Ionizable compound purification using reversed-phase flash column chromatography

With most chromatographic purifications, only two solvents are needed to adequately separate compounds from each other. Unfortunately, there are instances where the separation is either poor or cannot be accomplished with “normal” elution conditions such as those with ionic or very polar organic molecules.

In this post I offer some solutions to this issue.

Ionizable compounds are typically water miscible and are best separated/purified using reversed-phase methods. The challenge with these water-soluble compounds is getting them to retain on hydrophobic (i.e. C18) media and elute in a tight band, the goal if you seek to purify them. To ensure both of these goals are met, pH modifiers or buffers are typically needed.

Why? Because ionic and ionizable compounds strive to achieve equilibria in solution (remember pKa, pKb, etc. from your undergraduate college days?). These compounds have their counter ions partially “attached” and partially disassociated from the parent compound.  Because these molecules exist in different states of equilibria, chromatography becomes challenging.  The ionized form is more polar and tends to elute early while the non-ionized for is retained – this results in tailing or fronting peaks, Figure 1.

Figure 1. Chromatogram of ionic organic compounds – tartrazine, allura red, brilliant blue FCF, and erythrosine (all food colors) – using a water/methanol gradient. The highly ionic and dissociative nature of the compounds minimizes their ability to partition with the C18 due to high polarity.

To remedy this issue you need to either adjust pH to force the equilibrium into one state or the other or add a buffer to force counter ion association.

For acidic and basic compounds, I like to follow the 2 pH rule, if possible.  The 2 pH rule states that to protonate an acid, the mobile phase pH must be 2 pH units below the compound’s pKa.  Likewise, to force organic amines into the free-base form the mobile phase pH should be 2 pH units above the compound’s pKa. The benefits in both cases is that the compounds are rendered more hydrophobic and therefore have increased retention on the reversed-phase column, which usually provides a better separation with improved loading capacity and peak shape (increased fraction concentration). Examples of both situations follow.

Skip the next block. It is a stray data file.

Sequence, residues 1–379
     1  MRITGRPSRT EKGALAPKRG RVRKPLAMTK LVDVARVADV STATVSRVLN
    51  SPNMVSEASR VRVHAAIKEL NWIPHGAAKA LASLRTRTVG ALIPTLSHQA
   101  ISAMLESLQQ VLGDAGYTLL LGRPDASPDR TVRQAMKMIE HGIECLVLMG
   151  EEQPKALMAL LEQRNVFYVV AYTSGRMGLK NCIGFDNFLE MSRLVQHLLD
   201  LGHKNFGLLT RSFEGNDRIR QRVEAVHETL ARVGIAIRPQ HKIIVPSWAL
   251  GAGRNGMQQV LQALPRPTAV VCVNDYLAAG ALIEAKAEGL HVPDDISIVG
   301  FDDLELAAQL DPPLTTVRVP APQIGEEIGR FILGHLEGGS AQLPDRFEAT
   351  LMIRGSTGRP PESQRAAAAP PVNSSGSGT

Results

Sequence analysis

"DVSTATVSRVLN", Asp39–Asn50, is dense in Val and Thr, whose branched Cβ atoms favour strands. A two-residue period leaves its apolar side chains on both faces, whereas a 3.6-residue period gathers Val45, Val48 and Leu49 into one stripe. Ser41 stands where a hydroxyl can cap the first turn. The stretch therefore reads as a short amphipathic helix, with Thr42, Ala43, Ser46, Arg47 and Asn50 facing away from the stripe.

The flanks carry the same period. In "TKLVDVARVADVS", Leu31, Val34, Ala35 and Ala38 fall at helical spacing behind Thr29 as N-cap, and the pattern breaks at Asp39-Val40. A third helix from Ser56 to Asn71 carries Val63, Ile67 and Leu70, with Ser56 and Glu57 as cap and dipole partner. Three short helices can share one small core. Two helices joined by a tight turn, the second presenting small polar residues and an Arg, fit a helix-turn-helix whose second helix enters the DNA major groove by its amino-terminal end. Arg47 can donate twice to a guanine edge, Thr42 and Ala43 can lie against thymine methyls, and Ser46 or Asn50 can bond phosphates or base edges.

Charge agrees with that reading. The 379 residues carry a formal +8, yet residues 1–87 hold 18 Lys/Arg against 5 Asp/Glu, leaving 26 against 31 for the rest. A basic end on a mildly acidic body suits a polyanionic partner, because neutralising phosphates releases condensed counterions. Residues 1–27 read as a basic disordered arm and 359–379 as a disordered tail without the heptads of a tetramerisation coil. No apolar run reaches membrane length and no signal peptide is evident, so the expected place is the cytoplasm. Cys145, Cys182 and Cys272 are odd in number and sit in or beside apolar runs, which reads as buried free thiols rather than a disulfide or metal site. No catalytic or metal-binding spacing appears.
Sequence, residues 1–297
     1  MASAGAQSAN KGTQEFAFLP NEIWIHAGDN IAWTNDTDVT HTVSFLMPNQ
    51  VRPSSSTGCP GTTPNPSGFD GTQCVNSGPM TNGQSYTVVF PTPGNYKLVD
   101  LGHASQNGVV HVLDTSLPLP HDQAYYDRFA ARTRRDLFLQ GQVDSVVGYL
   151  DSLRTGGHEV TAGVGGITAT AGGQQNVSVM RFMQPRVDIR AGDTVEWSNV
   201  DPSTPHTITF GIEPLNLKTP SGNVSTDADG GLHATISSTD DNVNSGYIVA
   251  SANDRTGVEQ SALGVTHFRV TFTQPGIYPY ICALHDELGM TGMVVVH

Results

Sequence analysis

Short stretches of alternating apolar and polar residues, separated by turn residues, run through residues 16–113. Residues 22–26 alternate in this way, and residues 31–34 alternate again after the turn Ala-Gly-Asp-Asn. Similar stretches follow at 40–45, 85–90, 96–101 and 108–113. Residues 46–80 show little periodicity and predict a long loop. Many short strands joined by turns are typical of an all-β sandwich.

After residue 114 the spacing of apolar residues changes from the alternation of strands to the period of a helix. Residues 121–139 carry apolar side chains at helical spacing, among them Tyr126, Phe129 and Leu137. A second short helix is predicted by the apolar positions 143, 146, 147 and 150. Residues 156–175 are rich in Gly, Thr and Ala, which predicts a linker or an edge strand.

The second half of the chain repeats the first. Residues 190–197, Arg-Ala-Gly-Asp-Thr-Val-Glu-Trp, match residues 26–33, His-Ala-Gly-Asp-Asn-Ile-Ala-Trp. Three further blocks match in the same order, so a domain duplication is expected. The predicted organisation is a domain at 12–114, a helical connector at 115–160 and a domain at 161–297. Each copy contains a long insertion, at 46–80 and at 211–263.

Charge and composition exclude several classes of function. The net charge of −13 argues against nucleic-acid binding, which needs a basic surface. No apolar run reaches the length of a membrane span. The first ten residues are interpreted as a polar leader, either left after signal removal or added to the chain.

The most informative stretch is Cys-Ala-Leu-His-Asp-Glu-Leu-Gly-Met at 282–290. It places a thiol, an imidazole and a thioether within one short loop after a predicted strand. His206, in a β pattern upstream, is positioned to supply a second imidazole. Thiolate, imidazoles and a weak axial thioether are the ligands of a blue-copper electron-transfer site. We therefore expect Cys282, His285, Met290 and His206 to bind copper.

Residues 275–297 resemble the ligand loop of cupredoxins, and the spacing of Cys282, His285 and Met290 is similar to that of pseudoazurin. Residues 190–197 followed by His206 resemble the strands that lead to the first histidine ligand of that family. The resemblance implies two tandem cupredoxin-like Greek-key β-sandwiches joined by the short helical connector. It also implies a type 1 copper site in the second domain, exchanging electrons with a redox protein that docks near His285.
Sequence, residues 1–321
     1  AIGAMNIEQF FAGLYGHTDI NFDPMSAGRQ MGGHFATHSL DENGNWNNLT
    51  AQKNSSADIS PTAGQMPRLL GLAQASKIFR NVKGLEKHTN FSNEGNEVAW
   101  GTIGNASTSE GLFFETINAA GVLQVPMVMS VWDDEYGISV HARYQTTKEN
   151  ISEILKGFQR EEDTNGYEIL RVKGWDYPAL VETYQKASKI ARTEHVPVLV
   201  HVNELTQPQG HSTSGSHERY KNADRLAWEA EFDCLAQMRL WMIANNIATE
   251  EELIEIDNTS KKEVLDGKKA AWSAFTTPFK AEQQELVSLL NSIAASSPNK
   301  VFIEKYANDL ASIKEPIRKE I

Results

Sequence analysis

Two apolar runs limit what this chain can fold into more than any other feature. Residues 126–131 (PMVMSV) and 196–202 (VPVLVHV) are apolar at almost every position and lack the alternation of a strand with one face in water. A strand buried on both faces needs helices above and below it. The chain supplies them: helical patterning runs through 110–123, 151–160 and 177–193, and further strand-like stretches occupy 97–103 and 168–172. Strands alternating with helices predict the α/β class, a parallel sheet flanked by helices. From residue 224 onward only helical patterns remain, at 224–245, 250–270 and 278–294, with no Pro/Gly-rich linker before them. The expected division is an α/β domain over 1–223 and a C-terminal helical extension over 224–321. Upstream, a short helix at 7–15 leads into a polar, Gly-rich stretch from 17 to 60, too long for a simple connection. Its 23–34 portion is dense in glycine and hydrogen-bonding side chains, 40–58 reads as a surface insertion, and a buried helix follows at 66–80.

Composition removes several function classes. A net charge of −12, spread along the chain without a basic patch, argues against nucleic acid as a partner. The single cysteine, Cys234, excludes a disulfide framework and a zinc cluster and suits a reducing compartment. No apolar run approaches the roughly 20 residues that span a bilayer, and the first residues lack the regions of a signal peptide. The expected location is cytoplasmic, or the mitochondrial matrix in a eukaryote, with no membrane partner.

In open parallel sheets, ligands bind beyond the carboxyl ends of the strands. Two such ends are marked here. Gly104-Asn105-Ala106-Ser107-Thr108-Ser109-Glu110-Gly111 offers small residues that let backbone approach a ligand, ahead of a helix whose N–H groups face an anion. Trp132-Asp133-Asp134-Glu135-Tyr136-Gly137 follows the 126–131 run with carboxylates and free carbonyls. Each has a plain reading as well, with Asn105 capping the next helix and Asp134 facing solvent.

A.      Acidic compounds are best retained and separated when the mobile phase is acidic.  I use a volatile acid at the 0.1% level in both the weak and strong eluting solvents.  Why volatile acids? Because they are easier to evaporate when you need to recover your compound from the collection vessel.

Suggested acids include…

i.     Formic

ii.     Acetic

iii.     Trifluoracetic (TFA)

In Figure 2 we show how reversed-phase chromatography with the addition of an organic acid (TFA) helps to retain and separate three small organic acids including 3-nitrobenzoic acid (pKa 3.47) , nicotinic acid (pKa 4.85), and homovanillic acid (pKa 3.74). With a low pH mobile phase like the one used here, these acids are protonated and made more hydrophobic which enhances retention and increases the separation, making for successful flash purification.

Figure 2. Organic acid purification by reversed-phase using a mobile phase of acetonitrile/water/TFA (60:40:0.05). Peak 1 is 3-nitrobenzoic acid, Peak 2 is nicotinic acid, Peak 3 is homovanillic acid.

B. Similarly, basic compounds are best retained and separated when the mobile phase pH is alkaline. I like to use volatile bases at the 0.1% level in both the weak and strong solvents, examples of which include…

i.     Ammonium hydroxide

ii.     Diethylamine (DEA)

iii.    Triethylamine (TEA)

In Figure 3 we show an example where three organic amines, 4-dimethylamino antipyrine (pKa 9.6), N-phenylbenzylamine (pKa 3.5), and amitriptyline (pKa 9.4) are separated using a gradient incorporating TEA as the base. As with the example above with organic acids, adjusting the mobile phase pH 2 units beyond the  compounds’ pKa, in this case to ~pH 11, improves hydrophobicity and retention. This, in turn, improves the separation and simplifies fraction recovery (less water, more organic solvent in the collected fractions).

Figure 3. Organic amines purified using reversed-phase gradient flash chromatography. Solvent used were acetonitrile, water and 0.1% TEA. Peak 1 is dimethylamino antipyrene, Peak 2 is N-phenylbenzylamine, and Peak 3 is amitriptyline.